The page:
Date of Award
This thesis examines how the Supreme Court of Canada, across legal contexts, has tended to conceptualize sexuality. It focuses primarily on areas of public law including sexual assault law, equality for sexual minorities, sexual harassment and obscenity and indecency laws. There were a number of trends revealed upon reviewing the jurisprudence in this area. First, the Court’s decisions across legal contexts reveal a tendency to conceptualize sexuality as innate, as a pre-social naturally occurring phenomenon and as an essential element of who we are as individuals. This is true whether one is speaking of the approach to gay and lesbian rights, the occurrence of sexual harassment, or the sexual abuse of children. However, there is an exception to this trend. The exception relates to the Court’s conceptual approach towards sexual violence against adults. The research revealed, likely as a result of feminist activism both in the legislative and judicial arenas, that there has been a shift in the way that the Court understands sexuality in the context of sexual violence. It is a shift away from understanding it as pre-social and naturally occurring towards understanding it as a product of society, as a function of social context. This change in the Court’s conceptual approach towards sexual violence has engendered a shift in the law’s moral focus as well – a shift away from a moral focus on specific sexual acts and sexual propriety and towards a moral focus on sexual actors and sexual integrity. The thesis weaves together the analytical observations about the jurisprudence just described with a theoretical argument that is both grounded in the case law and which draws upon a number of different theorists. The argument developed suggests that the Court, regardless of the legal issue involved, ought to conceptualize sexuality as socially constructed/ contextually contingent, that it ought to orient itself towards protecting sexual integrity, and that it ought to understand this sexual integrity as a common interest.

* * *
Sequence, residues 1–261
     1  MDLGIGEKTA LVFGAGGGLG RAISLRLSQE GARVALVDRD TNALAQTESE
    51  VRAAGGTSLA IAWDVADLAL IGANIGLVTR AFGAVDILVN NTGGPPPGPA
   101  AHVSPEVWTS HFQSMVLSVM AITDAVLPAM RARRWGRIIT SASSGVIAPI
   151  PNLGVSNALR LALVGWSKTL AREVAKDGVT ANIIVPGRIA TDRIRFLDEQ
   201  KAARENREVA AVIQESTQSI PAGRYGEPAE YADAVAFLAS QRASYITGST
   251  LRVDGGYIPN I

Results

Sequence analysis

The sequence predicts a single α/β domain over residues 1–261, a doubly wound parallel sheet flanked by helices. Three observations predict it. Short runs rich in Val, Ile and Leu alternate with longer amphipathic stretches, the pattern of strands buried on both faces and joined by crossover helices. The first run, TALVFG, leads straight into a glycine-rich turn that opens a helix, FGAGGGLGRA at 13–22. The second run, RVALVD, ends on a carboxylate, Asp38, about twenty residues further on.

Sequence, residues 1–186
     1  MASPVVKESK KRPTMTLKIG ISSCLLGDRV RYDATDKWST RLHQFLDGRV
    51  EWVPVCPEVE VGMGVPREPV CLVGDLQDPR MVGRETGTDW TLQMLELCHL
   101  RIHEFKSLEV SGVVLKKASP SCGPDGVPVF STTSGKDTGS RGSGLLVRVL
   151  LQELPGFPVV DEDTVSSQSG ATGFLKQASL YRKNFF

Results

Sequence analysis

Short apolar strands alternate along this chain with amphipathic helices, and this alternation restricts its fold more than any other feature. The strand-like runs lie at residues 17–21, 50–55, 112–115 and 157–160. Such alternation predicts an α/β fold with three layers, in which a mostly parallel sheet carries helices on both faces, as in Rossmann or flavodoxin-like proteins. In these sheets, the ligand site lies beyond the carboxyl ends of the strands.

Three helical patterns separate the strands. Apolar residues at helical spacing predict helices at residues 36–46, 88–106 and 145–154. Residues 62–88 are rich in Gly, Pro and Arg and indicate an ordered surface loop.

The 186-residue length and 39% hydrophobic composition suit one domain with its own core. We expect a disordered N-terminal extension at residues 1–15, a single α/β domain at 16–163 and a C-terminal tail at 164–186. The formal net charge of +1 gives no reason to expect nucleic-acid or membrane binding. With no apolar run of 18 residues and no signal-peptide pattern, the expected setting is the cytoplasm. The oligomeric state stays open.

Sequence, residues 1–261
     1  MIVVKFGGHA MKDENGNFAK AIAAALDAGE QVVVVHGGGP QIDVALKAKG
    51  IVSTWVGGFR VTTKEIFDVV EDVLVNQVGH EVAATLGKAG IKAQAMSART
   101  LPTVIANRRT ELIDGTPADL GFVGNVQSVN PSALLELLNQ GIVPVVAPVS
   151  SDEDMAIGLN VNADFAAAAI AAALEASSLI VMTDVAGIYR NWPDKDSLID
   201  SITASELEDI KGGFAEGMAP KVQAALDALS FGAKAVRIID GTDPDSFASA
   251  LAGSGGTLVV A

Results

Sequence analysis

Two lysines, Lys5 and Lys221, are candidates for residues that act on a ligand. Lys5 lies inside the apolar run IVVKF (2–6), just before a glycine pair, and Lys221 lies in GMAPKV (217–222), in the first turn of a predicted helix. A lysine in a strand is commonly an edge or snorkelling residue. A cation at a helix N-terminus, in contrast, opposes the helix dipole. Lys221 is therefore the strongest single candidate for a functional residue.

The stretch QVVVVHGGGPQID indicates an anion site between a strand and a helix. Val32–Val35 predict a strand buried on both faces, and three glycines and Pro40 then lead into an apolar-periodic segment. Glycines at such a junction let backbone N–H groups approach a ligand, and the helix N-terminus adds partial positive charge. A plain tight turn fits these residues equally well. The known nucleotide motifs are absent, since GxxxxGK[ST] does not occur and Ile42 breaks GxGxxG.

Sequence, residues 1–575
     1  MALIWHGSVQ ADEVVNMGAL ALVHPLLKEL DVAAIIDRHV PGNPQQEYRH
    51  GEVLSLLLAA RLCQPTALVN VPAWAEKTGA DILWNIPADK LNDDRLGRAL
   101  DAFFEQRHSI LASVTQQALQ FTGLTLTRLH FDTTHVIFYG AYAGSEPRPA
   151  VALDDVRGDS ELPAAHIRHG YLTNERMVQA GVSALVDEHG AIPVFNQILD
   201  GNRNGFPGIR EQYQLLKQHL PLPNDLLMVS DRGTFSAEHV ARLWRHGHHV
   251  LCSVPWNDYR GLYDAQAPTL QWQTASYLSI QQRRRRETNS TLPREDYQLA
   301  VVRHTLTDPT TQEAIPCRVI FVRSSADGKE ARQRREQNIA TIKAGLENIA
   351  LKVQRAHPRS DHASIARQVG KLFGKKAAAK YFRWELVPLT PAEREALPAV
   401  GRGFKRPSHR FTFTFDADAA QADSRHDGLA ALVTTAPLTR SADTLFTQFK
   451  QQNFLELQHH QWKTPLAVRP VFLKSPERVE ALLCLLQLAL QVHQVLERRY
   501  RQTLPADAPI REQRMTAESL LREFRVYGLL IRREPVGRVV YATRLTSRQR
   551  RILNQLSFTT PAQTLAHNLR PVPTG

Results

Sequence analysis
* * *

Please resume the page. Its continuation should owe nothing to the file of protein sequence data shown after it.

Elaine Catherine Craig, Sex and the Supremes: Towards a Legal Theory of Sexuality (JSD Dissertation, Dalhousie University, Schulich School of Law, 2010) [unpublished].
Civil Rights and Discrimination Commons, Constitutional Law Commons, Courts Commons, Criminal Law Commons, Evidence Commons, Human Rights Law Commons, Law and Gender Commons, Law and Philosophy Commons, Public Law and Legal Theory Commons, Sexuality and the Law Commons